The fall of 2004 started off with a new mentality for the Cougars. Head Coach Michelle Kistler left the team as her family grew with the arrival of a new child, and Arthur Ericsson came to the Cougars by way of Sacramento, California to assume the position of Head Coach. Taking over the largest varsity team WSU had had in years, Coach Ericsson began to implement his detailed and stringent training plan, and the Cougs began to see results. On October 16th, the V8+ defeated Gonzaga at the Head of the Spokane for the second year in a row. Also winning were the JV8+ and the V4+.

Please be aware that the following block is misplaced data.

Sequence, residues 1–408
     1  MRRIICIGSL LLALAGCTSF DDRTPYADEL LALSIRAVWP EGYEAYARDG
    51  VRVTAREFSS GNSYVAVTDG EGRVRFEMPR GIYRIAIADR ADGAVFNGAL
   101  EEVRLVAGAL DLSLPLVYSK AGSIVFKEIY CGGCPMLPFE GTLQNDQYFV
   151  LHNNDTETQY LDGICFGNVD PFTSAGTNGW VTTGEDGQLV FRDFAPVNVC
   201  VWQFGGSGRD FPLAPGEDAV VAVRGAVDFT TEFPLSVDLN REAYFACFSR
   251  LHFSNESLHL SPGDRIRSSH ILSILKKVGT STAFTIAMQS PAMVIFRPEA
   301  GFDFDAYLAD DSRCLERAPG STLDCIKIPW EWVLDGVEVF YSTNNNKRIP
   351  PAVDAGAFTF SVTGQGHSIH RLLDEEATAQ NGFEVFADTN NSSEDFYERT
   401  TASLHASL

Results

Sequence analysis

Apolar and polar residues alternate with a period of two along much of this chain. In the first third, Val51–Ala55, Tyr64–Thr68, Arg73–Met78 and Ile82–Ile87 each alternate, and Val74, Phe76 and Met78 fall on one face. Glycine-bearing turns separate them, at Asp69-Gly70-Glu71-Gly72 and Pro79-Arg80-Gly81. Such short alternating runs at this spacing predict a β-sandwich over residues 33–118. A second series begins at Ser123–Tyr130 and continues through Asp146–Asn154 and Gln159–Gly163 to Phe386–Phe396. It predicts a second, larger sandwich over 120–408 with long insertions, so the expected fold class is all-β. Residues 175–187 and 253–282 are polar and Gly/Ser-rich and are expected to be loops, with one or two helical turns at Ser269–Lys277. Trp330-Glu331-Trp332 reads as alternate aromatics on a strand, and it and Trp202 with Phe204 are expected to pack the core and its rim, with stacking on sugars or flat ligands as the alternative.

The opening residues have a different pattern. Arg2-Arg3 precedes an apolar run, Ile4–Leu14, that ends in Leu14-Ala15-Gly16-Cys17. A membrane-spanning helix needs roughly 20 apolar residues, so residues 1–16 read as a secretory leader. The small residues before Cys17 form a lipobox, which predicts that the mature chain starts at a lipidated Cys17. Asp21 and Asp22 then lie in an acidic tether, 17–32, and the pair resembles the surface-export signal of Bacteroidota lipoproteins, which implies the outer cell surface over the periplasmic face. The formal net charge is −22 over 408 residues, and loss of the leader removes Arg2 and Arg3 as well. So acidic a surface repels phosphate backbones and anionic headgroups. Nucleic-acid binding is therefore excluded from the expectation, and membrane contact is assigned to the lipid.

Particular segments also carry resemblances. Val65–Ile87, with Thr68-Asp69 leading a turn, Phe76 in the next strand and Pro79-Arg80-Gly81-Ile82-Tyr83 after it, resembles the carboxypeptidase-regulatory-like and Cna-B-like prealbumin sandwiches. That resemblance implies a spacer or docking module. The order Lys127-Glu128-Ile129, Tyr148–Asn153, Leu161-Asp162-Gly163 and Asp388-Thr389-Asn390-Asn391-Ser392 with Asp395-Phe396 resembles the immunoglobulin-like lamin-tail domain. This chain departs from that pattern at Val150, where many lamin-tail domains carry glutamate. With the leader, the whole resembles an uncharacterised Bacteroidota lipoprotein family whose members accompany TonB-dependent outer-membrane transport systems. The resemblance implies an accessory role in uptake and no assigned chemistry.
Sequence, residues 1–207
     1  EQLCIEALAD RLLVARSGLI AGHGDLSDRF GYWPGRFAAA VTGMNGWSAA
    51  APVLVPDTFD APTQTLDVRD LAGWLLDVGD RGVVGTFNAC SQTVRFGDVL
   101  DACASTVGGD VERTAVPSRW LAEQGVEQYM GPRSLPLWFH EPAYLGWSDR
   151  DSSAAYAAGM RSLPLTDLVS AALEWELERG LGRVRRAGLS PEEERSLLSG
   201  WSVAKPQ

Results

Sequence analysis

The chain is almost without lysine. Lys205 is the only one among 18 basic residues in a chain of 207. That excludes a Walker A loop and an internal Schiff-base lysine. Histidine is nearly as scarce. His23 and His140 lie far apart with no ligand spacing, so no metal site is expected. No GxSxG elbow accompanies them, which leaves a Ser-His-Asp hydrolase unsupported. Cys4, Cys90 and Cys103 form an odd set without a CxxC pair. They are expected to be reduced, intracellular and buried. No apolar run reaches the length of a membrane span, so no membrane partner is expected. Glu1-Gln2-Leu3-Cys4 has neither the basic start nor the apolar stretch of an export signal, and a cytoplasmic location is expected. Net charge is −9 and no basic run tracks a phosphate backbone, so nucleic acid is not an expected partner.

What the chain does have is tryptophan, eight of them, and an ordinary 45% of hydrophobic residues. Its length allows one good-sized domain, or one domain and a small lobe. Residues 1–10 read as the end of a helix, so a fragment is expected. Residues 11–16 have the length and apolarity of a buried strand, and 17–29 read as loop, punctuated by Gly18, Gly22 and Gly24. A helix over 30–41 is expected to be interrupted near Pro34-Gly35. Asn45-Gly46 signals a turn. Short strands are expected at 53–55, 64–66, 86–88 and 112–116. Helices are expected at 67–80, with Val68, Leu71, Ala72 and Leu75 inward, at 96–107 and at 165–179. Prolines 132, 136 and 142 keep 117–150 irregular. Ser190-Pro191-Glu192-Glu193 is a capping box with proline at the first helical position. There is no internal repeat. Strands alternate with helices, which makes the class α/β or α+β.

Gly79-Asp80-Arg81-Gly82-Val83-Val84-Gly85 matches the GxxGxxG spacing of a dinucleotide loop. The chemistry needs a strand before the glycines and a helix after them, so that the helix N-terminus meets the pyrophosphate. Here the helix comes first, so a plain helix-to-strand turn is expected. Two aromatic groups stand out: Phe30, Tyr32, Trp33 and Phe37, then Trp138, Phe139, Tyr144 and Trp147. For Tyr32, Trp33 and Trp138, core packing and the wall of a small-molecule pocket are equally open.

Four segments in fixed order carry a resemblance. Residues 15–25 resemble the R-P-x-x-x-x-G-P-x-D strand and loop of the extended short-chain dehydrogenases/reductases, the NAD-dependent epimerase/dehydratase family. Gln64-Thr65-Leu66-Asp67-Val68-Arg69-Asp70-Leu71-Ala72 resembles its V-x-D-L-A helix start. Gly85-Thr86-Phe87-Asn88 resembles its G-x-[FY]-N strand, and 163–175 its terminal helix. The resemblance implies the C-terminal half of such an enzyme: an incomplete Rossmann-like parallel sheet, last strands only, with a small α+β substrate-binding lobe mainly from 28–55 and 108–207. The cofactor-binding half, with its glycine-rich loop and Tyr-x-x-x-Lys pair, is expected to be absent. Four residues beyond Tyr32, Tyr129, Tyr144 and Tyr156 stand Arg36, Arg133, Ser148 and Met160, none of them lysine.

At the Head of the Silcox in Tacoma, WA, WSU took first in each event. The V8+, V4+, JV8+, and VLwt4+ all claimed victories over the 4,600 meter course. "Today was some great racing, and our varsity on a whole stepped up to the challenge and showed good depth," said Coach Ericsson. As the morning progressed, the weather stayed true to American Lake-form and a vicious chop began churning over the course, and racing was delayed as officials decided what was to be done for the novice 8+ race. Eventually it was agreed upon that the novice event would be raced over a 1500 meter straight-shot course with staggered starts from the left hand side direction of the docks, where the water appeared to be in the best condition. When it was all said and done, the 3 WSU entries finished 1-2-3, with the novice B crew taking first over the A and C crews. Once the boats had returned to land, the story of the racing in the novice event took shape: The A boat apparently clashed oars with the UPS entry on two separate occasions, causing the coxswain to weigh enough her crew after the first one, and causing a massive crab on the second clashing. Upon hearing the A boat's explanation of the race result, all Novice B boater Tak Niino could muster was, "Excuses, excuses, excuses"